Robert Rinaldi, DPM
Posted February 12th, 2011
Understanding foot and leg function is complicated and confusing. The normal anatomy of the foot contains 26 bones, 33 joints, and hundreds of ligaments. The foot functions as a mobile adaptor to the uneven surfaces beneath it. I like to think of the foot as an old fashioned chronometer. Each gear has its turn to function and then passes off to the next in line. At foot strike, the foot bones absorb shock, then the foot stabilizes the body above it, and finally it mobilizes strength to propel the body forward. Anatomical anomalies in the foot and leg can cause malfunction, resulting in injury and pain in the foot, leg, knee, thigh, hip, and low back.
THE BIRTH OF ORTHOTICS
Merton Root, DPM, William Orien, DPM, and John Weed, DPM, a team of California podiatrists, began research in the early 1970s that today is considered the cornerstone to understanding the complicated and varied functions of the foot and how it affects the entire lower kinetic chain. Their research was used by the athletic shoe industry to launch continued efforts in prototype designs yielding the sophisticated shoes that we have today. In their studies, the Merton Root team found that anatomical malfunctions in the foot could be altered with balancing plates inside shoes. Thus orthotics were born, and, as with the sophisticated athletic shoes that we have today, orthotics have undergone many changes. Orthotics now can be slim, trim, and designed to work in most shoes without having to alter shoe size or fit. They can be made from polypropylene, which means they will never need replacing, tweaking, or rebuilding.
BEWARE THE IMPOSTER ORTHOTIC
Essentially, all of the over-the-counter orthotic products that can be purchased in a pharmacy or sport shop are really not orthotics. In my opinion, most over-the-counter products do not meet the functional needs of feet. One product called Superfeet comes close. They make several models: Superfeet Green and Superfeet Blue are best. Green is designed to help control hyperpronation and Blue works well for the foot that is lacking in shock absorption, often referred to as the supinated foot. About 85 percent of the population hyperpronates, so if you had to make a guess as to what kind of shoes you need, the odds are in favor of needing shoes that help control hyperpronation. The same could be said for Superfeet Green. However, this product usually makes it necessary to remove the insole from the shoe, which unfortunately reduces the shoe’s functionality. Anytime orthotics necessitate removing the shoe’s insole, the design function of the shoe itself is depreciated.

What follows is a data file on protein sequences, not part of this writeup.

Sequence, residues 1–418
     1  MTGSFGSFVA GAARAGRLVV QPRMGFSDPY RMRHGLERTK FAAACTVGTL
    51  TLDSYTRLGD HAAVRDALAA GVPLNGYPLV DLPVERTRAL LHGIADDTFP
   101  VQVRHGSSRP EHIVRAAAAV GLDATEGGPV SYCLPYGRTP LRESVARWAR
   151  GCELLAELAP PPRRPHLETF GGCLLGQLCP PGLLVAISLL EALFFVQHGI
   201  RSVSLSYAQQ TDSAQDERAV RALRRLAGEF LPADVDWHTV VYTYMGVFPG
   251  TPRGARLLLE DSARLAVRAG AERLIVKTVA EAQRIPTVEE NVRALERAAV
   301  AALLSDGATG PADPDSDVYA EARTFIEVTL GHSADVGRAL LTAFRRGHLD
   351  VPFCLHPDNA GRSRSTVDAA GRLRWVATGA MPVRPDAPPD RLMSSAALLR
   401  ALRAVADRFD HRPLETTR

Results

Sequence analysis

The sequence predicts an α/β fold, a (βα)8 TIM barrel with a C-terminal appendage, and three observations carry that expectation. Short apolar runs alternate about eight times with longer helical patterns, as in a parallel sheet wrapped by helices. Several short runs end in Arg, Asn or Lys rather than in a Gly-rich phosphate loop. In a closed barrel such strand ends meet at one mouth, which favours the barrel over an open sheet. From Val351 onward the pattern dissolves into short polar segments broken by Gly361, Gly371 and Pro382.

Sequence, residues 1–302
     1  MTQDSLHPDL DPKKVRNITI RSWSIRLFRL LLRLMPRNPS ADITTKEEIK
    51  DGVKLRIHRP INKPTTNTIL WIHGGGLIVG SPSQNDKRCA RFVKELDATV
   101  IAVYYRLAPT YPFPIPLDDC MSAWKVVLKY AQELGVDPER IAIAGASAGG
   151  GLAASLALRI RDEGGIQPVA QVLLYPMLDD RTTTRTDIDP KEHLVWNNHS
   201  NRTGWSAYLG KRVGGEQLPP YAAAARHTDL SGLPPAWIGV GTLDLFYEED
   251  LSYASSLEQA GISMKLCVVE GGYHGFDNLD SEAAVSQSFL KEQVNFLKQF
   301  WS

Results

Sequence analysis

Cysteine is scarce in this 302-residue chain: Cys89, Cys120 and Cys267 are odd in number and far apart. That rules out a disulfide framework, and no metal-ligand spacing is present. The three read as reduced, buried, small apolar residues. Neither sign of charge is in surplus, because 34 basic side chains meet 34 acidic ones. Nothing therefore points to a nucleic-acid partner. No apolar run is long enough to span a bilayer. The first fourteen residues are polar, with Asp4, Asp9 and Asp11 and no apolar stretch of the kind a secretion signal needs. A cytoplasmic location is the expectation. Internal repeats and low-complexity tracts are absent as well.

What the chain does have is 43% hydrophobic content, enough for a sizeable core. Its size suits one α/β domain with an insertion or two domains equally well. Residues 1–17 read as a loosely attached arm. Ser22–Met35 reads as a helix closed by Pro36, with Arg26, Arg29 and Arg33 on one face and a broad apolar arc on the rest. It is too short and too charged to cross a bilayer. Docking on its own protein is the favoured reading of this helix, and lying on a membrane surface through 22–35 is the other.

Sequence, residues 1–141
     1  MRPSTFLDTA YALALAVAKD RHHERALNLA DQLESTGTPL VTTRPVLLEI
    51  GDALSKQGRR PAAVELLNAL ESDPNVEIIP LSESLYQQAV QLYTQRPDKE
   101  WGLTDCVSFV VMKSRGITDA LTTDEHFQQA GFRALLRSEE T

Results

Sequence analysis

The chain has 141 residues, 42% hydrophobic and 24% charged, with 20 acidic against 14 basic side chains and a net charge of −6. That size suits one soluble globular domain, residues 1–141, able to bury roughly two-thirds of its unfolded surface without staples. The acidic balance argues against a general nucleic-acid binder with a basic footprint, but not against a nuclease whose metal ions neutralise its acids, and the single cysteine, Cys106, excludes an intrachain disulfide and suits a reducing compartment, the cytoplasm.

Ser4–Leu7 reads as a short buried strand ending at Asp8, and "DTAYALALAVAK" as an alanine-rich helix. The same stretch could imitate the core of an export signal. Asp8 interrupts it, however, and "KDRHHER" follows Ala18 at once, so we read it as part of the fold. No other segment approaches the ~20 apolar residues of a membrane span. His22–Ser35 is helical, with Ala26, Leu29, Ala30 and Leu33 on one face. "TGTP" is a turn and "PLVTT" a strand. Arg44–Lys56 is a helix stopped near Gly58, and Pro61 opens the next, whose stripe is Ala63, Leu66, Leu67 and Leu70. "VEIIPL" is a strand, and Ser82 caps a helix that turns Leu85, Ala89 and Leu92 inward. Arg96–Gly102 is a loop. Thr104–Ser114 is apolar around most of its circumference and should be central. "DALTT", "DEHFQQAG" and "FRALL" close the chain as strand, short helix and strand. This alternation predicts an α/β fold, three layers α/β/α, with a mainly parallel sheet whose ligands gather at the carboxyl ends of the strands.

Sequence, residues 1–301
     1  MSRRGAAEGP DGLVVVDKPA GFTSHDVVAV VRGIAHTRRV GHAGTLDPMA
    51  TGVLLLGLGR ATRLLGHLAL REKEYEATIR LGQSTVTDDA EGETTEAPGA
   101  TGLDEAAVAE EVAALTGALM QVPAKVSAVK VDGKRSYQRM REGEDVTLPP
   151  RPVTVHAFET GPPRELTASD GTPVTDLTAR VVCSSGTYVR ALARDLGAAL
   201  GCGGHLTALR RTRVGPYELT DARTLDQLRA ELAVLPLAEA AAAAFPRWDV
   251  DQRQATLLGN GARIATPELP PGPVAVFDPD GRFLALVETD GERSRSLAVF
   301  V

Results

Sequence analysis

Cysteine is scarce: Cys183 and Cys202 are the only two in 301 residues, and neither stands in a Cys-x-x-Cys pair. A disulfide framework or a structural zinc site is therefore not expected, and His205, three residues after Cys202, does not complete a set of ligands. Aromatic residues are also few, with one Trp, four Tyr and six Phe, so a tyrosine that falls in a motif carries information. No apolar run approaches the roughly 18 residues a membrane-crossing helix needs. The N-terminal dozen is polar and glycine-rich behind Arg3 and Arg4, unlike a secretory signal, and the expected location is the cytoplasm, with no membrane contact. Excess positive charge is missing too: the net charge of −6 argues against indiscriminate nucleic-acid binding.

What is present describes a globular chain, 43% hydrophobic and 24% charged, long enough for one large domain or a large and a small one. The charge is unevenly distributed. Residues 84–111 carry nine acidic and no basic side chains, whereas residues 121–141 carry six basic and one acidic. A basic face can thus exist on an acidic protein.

Custom orthotics may have top covers and this will also necessitate the removal of the shoes’ insoles. Also, a top cover can reduce the function of a properly designed orthotic. When a soft cushiony material covers the orthotic, it may, at first blush, feel really good, but it will provide less than optimal results. Certainly there are situations when a top cover can be helpful. You should question your provider as to your specific needs.
The best choice is a polypropylene orthotic made from a neutral position cast, with a prescription for construction at the laboratory. It does not need a top cover.
WHEN ARE ORTHOTICS NECESSARY
If you are suffering from chronic foot pain, morning stiffness in your feet, ankles, and upper or lower legs, or from lower back pain, you may be hyperpronating to a degree that is causing overuse biomechanical injuries. Pain while running that does not dissipate, but actually intensifies, often leads to a diagnosis of a stress fracture, but the prodrome to this problem is often a biomechanical fault that alters the function of the foot and leg. Knee pain and stiffness can be very disabling to the runner, or any other athlete, and it may be caused from feet that are not working properly.
WHAT SHOULD YOU DO
First be sure that you are not using an athletic shoe that does not match your biomechanical needs. Many times in this column I have commented on the outstanding athletic equipment stores we have in Vermont. My favorites are Skirack in Burlington, Onion River in Montpelier, and Stateline Sports in West Lebanon, NH. They all have a staff that is dedicated and trained to being sure you are in the proper footgear for your foot type.
You should also check your training log. Are you sure that you have not over-extended beyond your conditioning? After checking and changing anything necessary, take a break from training for a few days. When you return to the active list, if the symptoms re-occur, do not hesitate to make an appointment with a specialist. Seek a provider who understands foot function, is an athlete, and has proper training. Do not be afraid to ask questions. Be inquisitive. You may need orthotics. The intrinsically posted polypropylene orthotic that I described above is usually 85 to 90 percent successful in controlling faulty biomechanics resulting from hyperpronation. They are designed for use by athletes, and they will last forever.
Robert Rinaldi is a board-certified podiatrist and podiatric surgeon at the Gifford Medical Center in Randolph, VT. He is a fellow and a founding member of the American Academy of Podiatric Sports Medicine, and a podiatric consultant to the Dartmouth College track and cross-country teams. He is a former nationally ranked long-distance runner, having competed in 25 world-class marathons. You can reach him at Gifford Sports Medicine and Surgery Clinics in Randolph, VT, or at the Sharon Health Clinic in Sharon, VT, 802-728-2490 or 802-763-8000 or at firstname.lastname@example.org.